From the Nominator
This print magazine feature centers on the 1948 police killing of a Louisiana man, Royal Cyril Brooks, and the efforts of Northeastern University’s Civil Rights and Restorative Justice Project to bring his family closure, redress, and reconciliation. Through interviews with Brooks’ relatives and CRRJ lawyers—as well as research into the CRRJ historical archives—Schuyler Velasco examines the process of restorative justice and its potential role in the modern day fight for racial justice.
Beginning with the story of how the CRRJ originally reached out to the Brooks family, and how the secrecy and lack of a cohesive historical record around the killing had been affecting them for decades, Velasco draws the reader in through empathetically detailed description and a sense of justice deferred. She then pans out to the historical context of racial violence in the period between Reconstruction and the Civil Rights Movement.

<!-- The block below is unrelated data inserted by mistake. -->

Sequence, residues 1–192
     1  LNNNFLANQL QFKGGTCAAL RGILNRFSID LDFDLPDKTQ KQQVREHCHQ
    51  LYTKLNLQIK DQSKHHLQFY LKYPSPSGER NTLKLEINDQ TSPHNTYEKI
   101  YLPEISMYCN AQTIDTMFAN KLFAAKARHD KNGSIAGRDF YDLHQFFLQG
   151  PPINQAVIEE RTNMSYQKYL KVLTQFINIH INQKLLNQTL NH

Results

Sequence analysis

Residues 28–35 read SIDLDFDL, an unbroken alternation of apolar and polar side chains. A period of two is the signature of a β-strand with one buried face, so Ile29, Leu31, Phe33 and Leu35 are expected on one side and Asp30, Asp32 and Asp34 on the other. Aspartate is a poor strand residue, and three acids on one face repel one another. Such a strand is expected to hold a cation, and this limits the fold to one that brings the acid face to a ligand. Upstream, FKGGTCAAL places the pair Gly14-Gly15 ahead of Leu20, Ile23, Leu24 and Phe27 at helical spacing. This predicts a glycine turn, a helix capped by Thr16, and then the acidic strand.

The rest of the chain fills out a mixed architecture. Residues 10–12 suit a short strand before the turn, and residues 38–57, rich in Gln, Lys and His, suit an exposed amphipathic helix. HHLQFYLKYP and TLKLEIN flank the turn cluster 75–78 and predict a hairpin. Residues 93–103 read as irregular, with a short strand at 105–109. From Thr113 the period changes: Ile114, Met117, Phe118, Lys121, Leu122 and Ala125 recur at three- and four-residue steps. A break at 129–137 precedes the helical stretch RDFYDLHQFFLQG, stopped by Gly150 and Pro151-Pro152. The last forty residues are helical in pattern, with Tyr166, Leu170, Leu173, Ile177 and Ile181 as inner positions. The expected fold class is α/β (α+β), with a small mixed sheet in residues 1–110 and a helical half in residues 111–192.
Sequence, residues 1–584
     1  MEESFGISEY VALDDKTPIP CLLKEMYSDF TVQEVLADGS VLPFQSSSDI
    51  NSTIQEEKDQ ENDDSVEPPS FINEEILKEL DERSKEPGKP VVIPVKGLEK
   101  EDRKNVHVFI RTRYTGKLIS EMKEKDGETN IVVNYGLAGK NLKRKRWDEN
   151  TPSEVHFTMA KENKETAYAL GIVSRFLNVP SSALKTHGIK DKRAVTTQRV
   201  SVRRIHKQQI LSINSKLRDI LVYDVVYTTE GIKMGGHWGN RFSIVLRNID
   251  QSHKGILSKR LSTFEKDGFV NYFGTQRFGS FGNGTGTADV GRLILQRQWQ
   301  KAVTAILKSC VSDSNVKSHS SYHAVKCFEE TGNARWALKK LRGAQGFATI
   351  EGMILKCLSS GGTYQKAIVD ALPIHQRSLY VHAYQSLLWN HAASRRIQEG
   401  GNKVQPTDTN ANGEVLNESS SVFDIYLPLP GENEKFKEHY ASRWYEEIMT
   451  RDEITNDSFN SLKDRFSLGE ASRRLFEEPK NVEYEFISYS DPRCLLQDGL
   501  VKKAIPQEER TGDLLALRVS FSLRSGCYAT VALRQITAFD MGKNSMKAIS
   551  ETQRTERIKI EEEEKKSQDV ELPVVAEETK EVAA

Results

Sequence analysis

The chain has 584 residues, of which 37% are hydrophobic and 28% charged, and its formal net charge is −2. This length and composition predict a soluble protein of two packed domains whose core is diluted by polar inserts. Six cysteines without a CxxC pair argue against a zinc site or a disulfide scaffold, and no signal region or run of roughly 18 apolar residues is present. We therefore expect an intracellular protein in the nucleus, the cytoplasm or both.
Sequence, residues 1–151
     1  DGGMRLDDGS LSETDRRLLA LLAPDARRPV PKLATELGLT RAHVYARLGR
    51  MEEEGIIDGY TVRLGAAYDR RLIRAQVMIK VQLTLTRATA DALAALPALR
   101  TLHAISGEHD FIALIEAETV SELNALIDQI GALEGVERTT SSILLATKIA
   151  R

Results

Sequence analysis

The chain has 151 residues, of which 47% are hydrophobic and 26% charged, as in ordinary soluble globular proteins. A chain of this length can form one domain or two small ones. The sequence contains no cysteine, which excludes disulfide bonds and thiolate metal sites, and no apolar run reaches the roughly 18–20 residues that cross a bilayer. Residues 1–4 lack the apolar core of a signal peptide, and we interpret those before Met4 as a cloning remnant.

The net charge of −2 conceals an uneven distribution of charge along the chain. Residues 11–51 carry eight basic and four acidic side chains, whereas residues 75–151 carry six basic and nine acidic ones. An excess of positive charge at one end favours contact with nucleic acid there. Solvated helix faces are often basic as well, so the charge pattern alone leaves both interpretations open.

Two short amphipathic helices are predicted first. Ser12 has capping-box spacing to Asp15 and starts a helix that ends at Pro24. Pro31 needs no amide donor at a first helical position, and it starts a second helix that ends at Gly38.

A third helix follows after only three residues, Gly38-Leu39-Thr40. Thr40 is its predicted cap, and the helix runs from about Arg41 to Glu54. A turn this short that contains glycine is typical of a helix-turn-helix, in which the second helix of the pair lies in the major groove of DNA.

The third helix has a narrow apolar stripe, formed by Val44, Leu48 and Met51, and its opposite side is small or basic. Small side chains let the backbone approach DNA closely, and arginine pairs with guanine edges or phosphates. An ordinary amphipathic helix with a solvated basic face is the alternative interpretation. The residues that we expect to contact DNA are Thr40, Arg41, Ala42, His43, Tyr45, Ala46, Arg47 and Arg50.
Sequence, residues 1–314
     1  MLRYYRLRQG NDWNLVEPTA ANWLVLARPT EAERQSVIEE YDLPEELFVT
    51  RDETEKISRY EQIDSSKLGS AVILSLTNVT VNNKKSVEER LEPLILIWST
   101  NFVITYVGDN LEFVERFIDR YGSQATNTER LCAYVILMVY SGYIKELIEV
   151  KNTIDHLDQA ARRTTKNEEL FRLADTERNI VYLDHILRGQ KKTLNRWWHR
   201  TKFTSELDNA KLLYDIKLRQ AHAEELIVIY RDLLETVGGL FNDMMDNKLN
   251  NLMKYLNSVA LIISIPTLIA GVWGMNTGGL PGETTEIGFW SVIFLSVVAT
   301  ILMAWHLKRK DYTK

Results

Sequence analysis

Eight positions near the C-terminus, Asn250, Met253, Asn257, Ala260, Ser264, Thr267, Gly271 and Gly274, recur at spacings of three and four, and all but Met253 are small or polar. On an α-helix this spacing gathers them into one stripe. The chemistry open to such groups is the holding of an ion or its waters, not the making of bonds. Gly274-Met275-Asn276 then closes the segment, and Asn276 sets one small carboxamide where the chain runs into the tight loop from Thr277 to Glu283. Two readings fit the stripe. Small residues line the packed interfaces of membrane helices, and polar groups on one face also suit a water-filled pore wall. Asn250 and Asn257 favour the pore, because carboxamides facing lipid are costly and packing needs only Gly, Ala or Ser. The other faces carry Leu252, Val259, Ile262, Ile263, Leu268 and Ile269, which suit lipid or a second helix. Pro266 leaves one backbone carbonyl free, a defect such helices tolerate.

Through the work of the CRRJ, Velasco writes, the Brooks story reaches a bittersweet resolution. She brings readers the image of Brooks’ family celebrating the erection of an historical marker of his death with a New Orleans-style funeral parade. But she notes that the local police department has still never apologized or commented on the case. The piece’s conclusion draws an explicit connection between restoring the forgotten history of Royal Cyril Brooks and the “say their names” mantra of the contemporary Black Lives Matter movement, leaving readers with a fully realized example of remembrance as a path to justice.
From the Judges
Hard to put into words how powerful this story is. One judge noted that he plans to make a gift to this institution based solely on this story. This deserves a wider audience than merely Northeastern's readership.